... possible. Accordingly, on the 26th, we commenced a movement with Hancock's corps and Sheridan's cavalry to the north side by the way of Deep Bottom, where Butler had a pontoon bridge laid. The plan, in the main, was to let the cavalry cut loose and, joining with Kautz's cavalry of the Army of the James, get by Lee's lines and destroy as much as they could of the Virginia Central Railroad, while, in the mean time, the infantry was to move out so as to protect their rear and cover their retreat back when they should have got through with their work. We were successful in ...
— Personal Memoirs of U. S. Grant, Complete • Ulysses S. Grant

... just painted, the cardinal showed himself so obstinately bent on having a conference with Rodin, in spite of the refusal of the latter, it was because the prelate hoped, as we shall soon see, to get by cunning at the secret, which had hitherto been so well concealed. It was, therefore, in the midst of all these extraordinary circumstances, that Rodin saw himself the victim of a malady, which paralyzed his strength, at the moment when ...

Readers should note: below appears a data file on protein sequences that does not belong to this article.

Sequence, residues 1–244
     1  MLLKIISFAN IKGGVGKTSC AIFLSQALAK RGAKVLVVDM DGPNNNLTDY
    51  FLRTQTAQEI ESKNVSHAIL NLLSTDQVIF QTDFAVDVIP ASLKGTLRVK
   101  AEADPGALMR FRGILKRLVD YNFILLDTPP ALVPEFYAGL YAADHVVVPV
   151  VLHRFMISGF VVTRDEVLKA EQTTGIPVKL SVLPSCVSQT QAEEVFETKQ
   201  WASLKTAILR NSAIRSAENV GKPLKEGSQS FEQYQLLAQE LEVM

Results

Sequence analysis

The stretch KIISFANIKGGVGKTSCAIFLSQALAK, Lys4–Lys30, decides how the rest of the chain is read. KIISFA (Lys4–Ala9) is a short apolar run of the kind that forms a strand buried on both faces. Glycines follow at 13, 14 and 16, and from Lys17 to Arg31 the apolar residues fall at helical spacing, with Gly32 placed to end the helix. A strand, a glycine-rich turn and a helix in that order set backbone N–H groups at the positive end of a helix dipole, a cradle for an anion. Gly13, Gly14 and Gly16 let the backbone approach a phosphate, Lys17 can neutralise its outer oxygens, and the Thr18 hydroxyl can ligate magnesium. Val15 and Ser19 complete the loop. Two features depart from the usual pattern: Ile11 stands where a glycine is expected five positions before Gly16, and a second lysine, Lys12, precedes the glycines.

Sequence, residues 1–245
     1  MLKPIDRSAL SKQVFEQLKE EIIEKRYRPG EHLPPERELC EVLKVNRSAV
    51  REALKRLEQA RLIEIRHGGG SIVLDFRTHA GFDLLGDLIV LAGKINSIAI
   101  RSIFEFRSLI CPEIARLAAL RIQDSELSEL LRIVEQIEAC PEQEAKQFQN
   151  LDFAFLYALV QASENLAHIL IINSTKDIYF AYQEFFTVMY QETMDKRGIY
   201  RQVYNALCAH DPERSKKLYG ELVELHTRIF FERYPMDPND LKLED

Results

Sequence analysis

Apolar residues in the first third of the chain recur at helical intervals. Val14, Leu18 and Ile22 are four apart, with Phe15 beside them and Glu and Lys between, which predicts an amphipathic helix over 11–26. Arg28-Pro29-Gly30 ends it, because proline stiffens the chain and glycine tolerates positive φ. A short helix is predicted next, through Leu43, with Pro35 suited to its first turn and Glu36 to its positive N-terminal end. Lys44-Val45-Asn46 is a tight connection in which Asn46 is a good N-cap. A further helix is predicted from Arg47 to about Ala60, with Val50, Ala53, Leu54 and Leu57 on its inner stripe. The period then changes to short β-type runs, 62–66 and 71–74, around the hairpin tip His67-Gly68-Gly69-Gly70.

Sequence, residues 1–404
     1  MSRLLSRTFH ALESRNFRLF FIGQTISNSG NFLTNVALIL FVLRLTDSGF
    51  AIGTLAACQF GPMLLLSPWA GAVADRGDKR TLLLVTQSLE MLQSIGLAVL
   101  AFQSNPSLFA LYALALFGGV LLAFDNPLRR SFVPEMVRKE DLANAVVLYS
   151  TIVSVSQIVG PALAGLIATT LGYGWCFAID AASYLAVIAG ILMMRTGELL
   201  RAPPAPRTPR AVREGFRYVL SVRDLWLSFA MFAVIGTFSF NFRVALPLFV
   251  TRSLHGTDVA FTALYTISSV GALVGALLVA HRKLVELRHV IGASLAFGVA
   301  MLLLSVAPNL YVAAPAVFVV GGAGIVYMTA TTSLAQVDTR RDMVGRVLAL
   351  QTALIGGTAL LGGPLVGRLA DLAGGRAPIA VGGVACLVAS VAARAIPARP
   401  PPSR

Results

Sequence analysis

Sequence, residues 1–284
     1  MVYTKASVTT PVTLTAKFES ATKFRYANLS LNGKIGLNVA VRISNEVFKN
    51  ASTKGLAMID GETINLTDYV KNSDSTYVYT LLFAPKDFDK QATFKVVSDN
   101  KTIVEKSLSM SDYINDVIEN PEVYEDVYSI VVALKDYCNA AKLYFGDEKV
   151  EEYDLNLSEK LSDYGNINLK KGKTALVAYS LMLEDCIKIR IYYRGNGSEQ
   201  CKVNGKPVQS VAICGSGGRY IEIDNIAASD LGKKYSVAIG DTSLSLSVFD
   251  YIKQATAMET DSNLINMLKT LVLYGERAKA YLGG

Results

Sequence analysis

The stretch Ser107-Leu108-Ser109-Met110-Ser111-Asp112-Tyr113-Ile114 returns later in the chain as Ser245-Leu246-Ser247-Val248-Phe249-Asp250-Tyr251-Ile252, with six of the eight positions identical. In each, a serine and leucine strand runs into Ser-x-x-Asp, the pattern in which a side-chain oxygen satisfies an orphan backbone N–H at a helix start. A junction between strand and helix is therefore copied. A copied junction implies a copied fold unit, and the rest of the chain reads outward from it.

— The Wandering Jew, Complete • Eugene Sue

... a foreigner, had not much compassion on me; and only thought, as I was young and strong, how much he could get by selling me as a slave; and did not even release my hands. I had not been long on board, however, when the ship was attacked by pirates, who surrounded it with their boats, and poured in a shower of arrows ...